16 The Poem 1.3The curfew 4 tolls the knell5 of parting day6, 2.The lowing7 herd wind slowly oer 8 the lea9 , 3.The plowman homeward plods his weary way, 4.And leaves the world to darkness and to me. the poet begins the poem with medita0ons of the darkness and the graves. The poet starts by describing the disappearance of the day light and the coming of the darkness in the graveyard – so the poet starts with the darkness to indicates and shows his great sadness. Then he remembers the daylight and the happiness which disappears by the death of the pastoral people gray praises the li; of those people who are simple and innocent . then he shi;s to visual images the image of the farmers coming back home –now there were no farmers ,no animals and the image becomes darker and darker , so the image becomes gloomy and melancholy which is one of the characteris0cs of the elegy. In addi0on, it deals with personal experience, emo0on and feeling s which is a characteris0c of the pre – roman0c school the elegy of a country church yard starts with a personiﬁca0on gray personiﬁes the day he compares it to someone par0ng, leaving and dying the church bells are ringing to announce his death. There is an auditory image in the sound of the church bells. They are knelling and ringing. We also have kine0c image which is herd of sheep winding and moving slowly. We also have melancholic solitary personal tone when he says to me this is one of the characteris0c of the pre roman0c school. So the ﬁrst stanza, is considered an image of the slow movement of the life. 5.Now fades the glimmring landscape on the sight, 3 The poem begins in a churchyard with a narrator who is describing his surroundings in vivid detail. The narrator emphasises both aural and visual sensations as he examines the area in relation to himself. 1-12 4ringing bell in the evening that reminded people in English towns of Gray’s time to put out ﬁres and go to bed 5 mournful sound 6 days end; dying day; twilight; dusk. 7 mooing. 8 contraction for over. 9 meadow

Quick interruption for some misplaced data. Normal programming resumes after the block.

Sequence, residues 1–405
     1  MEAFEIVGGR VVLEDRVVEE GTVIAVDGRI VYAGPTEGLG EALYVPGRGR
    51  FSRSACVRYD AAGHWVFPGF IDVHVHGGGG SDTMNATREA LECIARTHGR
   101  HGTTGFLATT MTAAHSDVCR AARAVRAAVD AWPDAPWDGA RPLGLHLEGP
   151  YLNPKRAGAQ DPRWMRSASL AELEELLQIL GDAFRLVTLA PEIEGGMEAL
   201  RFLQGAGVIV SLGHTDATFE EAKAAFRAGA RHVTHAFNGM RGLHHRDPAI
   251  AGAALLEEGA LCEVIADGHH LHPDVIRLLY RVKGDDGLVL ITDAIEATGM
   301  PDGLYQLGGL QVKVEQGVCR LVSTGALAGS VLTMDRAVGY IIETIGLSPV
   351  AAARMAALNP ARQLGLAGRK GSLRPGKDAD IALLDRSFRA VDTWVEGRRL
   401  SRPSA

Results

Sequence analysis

17 6.And all the air a solemn stillness holds, 7.Save10 where the beetle11 wheels 12 his droning13 flight, 8.And drowsy tinklings 14 lull the distant folds15;poet con0nues describing the light of the landscape a;er the departure of the farmers and the animals . so we have solitude landscape and lonely ﬁled There isnt any sound except the beetle and their wheeling. The sound of the beetle is something nega0ve to show the theme of death. The poet expresses his feelings of sadness. He indicates that he loves loneliness and being in a lonely places. The poet uses visual image depending on the sight of the lights which are about to disappear and become dimmer and weaker .another image related to death to death is the sound of ﬂying beetle at night. All those images are related to death which is one of the features of the pre roman0c period. There is a metaphor in this stanza when the poet compares the beetles thinking to the sound of the mother who is trying to tell her baby to sleep. This metaphor suggests s0llness. The poet uses the leHer L in words such as glimmering, landscape, solemn, s0llness, beetle, wheels and many others to indicates the lulling mood. 10 except 11 winged insect that occurs in more than 350,000 varieties. One type is the ﬁreﬂy, or lightning bug. 12 verb meaning ﬂies in circles. 13 humming; buzzing; monotonous sound. 14 onomatopoeia. 15Drowsy tinklings lull the distant folds: This clause apparently refers to the gentle sounds made by a bell around the neck of a castrated male sheep that leads other sheep. A castrated male sheep is called a wether. Such a sheep with a bell around its neck is called a bellwether. Folds is a noun referring to ﬂocks of sheep.